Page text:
By now, I assume you have all seen the Wall Street Journal article Deans List: Hiring Spree Fattens College Bureaucracy—And Tuition about the rising costs of higher education, and the WSJ's focus on the University of Minnesota. But I'd like to highlight that we've been working hard since I arrived at Morris to reduce our campus technology operating costs, while increasing (or at least maintaining) the services that we offer to students, faculty, and staff. Our VPCIO, Scott Studham, has similarly been working over the last year to bring down operating costs across all IT areas at the University.
I am queueing a blog article for a few weeks from now, about what IT at Morris offers to campus (I wrote a similar post last year) and I now plan to work in some of our cost reductions. For example, our adoption of more centrally-offered services such as servers and web hosting allows our technology staff more opportunity to directly support the campus.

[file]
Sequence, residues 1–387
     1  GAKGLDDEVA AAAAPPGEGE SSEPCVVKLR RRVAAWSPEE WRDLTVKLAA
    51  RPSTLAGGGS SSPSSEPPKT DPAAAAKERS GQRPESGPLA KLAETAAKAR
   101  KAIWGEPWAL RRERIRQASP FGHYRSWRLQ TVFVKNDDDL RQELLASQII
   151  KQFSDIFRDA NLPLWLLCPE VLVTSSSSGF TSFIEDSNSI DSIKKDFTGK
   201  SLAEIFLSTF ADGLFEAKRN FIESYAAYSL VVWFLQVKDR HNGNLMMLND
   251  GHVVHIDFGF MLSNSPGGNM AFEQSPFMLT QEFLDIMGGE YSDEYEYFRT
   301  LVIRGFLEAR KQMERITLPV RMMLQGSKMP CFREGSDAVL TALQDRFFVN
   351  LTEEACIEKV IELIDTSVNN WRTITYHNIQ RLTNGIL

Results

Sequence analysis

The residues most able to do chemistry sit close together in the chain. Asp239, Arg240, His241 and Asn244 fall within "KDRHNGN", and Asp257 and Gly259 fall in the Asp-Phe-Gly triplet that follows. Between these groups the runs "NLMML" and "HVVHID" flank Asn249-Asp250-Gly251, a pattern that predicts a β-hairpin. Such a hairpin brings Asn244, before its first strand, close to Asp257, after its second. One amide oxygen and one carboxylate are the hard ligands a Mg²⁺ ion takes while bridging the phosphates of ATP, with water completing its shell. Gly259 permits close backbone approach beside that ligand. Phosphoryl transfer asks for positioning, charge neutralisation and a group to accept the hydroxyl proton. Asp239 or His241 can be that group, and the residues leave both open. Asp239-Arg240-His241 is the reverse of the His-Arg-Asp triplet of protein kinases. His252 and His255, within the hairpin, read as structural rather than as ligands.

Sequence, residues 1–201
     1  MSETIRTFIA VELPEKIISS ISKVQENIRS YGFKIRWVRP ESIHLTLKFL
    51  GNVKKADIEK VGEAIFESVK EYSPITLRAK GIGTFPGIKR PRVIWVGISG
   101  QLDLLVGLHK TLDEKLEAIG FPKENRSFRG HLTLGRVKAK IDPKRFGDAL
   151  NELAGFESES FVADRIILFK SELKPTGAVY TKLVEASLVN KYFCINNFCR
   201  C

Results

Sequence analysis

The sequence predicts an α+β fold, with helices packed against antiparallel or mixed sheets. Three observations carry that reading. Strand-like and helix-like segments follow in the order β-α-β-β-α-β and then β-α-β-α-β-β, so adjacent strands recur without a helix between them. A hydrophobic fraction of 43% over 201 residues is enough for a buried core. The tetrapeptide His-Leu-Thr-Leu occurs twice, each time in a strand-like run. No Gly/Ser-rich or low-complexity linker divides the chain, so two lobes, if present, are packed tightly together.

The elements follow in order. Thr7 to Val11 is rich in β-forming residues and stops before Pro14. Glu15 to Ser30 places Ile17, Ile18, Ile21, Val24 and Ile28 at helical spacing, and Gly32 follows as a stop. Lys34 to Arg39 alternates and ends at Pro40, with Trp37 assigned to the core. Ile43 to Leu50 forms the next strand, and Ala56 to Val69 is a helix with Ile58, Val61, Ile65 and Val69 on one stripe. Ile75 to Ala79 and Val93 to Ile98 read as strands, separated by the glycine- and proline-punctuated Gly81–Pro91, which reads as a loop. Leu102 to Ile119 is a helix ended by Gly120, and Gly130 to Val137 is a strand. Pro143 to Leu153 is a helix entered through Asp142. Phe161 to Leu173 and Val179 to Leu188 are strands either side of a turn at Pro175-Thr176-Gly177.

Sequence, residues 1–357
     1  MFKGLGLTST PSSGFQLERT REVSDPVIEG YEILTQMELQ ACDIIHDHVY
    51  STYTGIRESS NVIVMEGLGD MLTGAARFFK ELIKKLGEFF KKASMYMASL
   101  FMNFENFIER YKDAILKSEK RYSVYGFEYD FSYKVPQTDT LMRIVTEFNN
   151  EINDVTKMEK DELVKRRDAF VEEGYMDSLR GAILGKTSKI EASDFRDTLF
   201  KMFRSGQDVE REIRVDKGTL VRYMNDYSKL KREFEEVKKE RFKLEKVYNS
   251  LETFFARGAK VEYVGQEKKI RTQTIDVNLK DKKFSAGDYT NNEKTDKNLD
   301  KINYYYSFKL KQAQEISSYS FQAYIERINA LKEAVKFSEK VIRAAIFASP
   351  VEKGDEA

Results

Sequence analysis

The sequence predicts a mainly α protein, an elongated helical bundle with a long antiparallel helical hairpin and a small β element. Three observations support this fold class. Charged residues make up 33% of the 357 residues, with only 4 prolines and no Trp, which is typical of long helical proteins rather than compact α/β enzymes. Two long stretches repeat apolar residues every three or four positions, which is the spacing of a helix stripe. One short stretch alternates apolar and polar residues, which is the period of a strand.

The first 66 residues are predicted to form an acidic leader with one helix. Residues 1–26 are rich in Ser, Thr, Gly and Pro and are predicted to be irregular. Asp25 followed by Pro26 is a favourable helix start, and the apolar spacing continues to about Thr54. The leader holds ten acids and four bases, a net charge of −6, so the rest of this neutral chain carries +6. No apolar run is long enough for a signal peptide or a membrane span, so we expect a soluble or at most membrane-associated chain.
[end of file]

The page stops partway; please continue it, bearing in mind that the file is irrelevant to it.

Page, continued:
In the meantime, you may be interested in a few facts shared by VPCIO Studham that already reduce the University's overall IT costs:
- We have already reduced the number of IT helpdesks from 73 to 56, while consolidating support staff to offer a 24x7 help line. This number will continue to go down with ongoing effort from the Helpdesk Community of Practice. President Kaler's goal is to have one number to call for help.
- We have avoided a $14M data center construction project by better utilizing existing spaces.
- Independent analysis firm Gartner values the University of Minnesota's implementation of Google Apps (Gmail, Calendar, …) at $15M. That's a considerable savings. The University would have needed to invest significant resources in a new email and calendaring system, but now we can direct those dollars elsewhere in the University.